Why aren’t our governments more concerned about what the US is doing? Ignoring, for the moment, the legality, or lack thereof, why don’t the governments of our countries recognize that the terrorization of their citizens by the US has a far greater effect than just the immediate financial impact on an individual?
First of all, why don’t our governments see what the US is doing as terrorization? Is that too strong a word? I don’t think so, considering the impact of their policies, the statements of the IRS, and the media reports. The definition of terrorization, according to the Free Dictionary: 1. To fill or overpower with terror; terrify. 2. To coerce by intimidation or fear, or according to Merriam Webster: 1. To fill with terror or anxiety; 2. To coerce by threat or violence. The word simply fits.
So, why don’t our governments see the overall impact this terrorization can have on their countries’ economies? It’s not just individuals that are financially affected if they must dip into their retirement savings, or take out loans against their houses in order to pay specialists or pay ridiculous penalties to the US. We all recognize that the financial stress has had a negative impact on our health, our relationships, our jobs, and our families. Why don’t our governments?
Why aren’t the departments of Health, Finance and Occupational Health and Safety (or equivalents) of our various governments concerned?
Consider what I’ve found with just a little research:
- financial worries are the number one cause of stress;
- personal stress has a negative effect in the workplace;
- the main reason for lost work hours is stress.
According to the Center for Disease Control, the most common diagnosis during a physician’s visit is essential hypertension, which is simply high blood pressure from an unknown cause.
The site WebMD says, ‘But too much stress can lead to emotional, psychological, and even physical problems — including heart disease, high blood pressure, chest pains, or irregular heartbeats. Reducing stress can help lower high blood pressure. ‘
A report published in Sep 2011 by the Health and Safety Executive of the UK government states:
- Stress, depression or anxiety and musculoskeletal disorders accounted for the majority of days lost due to work-related ill health, 10.8 and 7.6 million days respectively.
- The average days lost per case for stress, depression or anxiety (27 days) was higher than for musculoskeletal disorders (15 days).
According to Princeton University’s Isle.org, reported in May 2011,
- 20 hours per month/per employee is lost due to financial stress, at a cost of $7,000 per year per employee in lost productivity.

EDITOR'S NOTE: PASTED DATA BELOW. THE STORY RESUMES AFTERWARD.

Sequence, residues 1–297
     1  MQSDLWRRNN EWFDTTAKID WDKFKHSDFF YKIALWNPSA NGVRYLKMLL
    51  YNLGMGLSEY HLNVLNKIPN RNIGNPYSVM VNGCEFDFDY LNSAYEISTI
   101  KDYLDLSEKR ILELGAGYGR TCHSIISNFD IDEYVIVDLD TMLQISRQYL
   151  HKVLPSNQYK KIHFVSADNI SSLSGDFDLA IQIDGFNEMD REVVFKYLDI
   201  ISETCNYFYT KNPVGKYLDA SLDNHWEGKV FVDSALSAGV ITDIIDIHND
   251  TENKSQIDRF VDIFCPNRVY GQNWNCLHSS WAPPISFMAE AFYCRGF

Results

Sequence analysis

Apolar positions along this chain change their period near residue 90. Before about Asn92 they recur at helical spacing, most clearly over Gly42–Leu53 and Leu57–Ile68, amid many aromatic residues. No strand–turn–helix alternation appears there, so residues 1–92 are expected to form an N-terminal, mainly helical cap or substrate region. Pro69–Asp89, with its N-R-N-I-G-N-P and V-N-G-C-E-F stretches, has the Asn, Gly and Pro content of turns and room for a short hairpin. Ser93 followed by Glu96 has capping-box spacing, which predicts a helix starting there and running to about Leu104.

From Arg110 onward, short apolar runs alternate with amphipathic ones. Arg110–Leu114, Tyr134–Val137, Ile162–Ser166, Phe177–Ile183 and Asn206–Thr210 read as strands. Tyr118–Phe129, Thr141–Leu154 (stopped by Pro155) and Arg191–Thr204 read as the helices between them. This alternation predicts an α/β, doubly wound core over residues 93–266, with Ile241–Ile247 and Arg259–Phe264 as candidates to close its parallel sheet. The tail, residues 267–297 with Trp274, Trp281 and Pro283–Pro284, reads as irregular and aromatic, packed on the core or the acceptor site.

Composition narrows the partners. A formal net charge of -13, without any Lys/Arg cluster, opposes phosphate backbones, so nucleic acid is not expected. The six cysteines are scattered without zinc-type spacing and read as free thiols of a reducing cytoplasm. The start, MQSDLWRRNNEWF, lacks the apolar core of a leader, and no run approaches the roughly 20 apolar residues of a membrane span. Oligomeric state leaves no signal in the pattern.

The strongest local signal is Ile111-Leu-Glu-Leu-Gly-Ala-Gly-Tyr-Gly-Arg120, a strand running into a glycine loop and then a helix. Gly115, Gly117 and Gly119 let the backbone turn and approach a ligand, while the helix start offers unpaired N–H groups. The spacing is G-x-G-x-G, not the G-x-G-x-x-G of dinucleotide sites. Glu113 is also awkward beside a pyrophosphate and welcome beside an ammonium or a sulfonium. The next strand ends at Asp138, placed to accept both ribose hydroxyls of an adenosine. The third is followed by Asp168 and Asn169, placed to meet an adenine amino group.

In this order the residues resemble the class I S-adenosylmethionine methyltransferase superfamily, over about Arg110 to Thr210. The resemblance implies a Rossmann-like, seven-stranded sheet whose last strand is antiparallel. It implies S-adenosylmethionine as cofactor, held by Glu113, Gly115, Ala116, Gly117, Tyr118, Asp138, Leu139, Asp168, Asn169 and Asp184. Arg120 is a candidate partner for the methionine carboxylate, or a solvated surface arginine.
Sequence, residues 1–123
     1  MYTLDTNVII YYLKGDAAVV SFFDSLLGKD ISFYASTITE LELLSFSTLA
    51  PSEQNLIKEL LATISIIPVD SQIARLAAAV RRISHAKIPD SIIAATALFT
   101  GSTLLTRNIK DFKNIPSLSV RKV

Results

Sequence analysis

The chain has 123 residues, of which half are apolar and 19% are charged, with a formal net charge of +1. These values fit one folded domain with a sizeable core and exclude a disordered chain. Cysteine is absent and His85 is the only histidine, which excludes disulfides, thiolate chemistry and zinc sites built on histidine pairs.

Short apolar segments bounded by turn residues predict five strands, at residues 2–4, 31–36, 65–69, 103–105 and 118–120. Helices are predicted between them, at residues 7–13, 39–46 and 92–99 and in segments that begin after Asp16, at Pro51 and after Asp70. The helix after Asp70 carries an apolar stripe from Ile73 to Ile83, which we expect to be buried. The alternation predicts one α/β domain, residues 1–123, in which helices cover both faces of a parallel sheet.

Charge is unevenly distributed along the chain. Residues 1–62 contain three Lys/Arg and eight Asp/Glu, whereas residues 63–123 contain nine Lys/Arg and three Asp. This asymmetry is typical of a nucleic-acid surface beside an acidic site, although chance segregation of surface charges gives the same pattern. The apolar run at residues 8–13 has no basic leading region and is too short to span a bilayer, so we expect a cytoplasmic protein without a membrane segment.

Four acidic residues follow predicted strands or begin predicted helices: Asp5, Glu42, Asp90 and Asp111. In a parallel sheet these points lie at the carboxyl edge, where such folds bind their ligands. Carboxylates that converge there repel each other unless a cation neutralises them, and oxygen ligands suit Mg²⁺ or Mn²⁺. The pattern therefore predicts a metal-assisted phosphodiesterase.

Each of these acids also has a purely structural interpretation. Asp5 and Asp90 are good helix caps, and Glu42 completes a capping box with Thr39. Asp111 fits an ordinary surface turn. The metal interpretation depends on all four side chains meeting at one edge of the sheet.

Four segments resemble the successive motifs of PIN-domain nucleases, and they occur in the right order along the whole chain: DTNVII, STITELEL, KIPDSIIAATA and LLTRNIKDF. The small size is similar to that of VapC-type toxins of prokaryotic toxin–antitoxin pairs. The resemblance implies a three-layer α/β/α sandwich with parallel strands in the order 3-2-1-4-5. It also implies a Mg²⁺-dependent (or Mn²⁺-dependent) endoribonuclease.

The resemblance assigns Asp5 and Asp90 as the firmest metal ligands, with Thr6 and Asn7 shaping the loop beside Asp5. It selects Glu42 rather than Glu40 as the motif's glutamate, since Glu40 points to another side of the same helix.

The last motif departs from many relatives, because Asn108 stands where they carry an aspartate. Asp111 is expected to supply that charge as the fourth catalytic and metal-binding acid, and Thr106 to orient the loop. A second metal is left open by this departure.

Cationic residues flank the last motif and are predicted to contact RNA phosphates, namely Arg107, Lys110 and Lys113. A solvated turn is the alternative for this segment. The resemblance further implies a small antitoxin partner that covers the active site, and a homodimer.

- 60% to 80% of on-the-job accidents are stress related, at a cost of $29,000 per accident (2001 figure).
- 75% to 90% of all doctor visits are stress related. On any given day, 1 million employees are on sick leave due to stress.
A 2004 report by Carleton University associates financial stress with a decline in physical health, marital breakups, and long lasting effects on children.
- …. can put one at increased risk for health problems including cardiovascular disease, arthritis, hypertension, and reduced ability to fend off viruses due to compromised immune functioning. They can also maintain (if not cause) major psychological disturbances including depression and anxiety.
- Financial stress is also associated with declining physical health such as an increase in headaches, stomachaches, and insomnia. Again, it is likely that people with a great deal of financial stress experience high levels of depression and it is depression that is most directly associated with worsening physical health.
- As financial stress increases, so does the likelihood of marital discord and breakup.
- Financial stress also has a negative impact on how parents parent. That is, as financial pressure mounted, children became more depressed and anxious, and began to feel less control over their lives.
- Children of financially stressed parents tend to be more prone to mental health problems, depression, loneliness, and are more emotionally sensitive.
- …a conservative estimate that anxiety, depression, and substance abuse costs Canadian businesses more than $11 billion per year in direct losses in productivity and an additional $22 billion per year in indirect costs, based on 1993 data. They note that these estimates do not include costs related to health care or social services.
It seems clear to me that stress has a negative impact on the economy of a country, with more sick days being taken, an overall loss of productivity in the workplace, an increase in substance abuse, an increase in divorce rates and an increased load on health care and social services systems.
Even if they don’t care about us individually, after all, in Canada, for example, we’re less than 3% of the population who are directly affected, why don’t they recognize the broader financial impact? Is it that they don’t care? Or is it simply that they’re afraid to stand up to the US?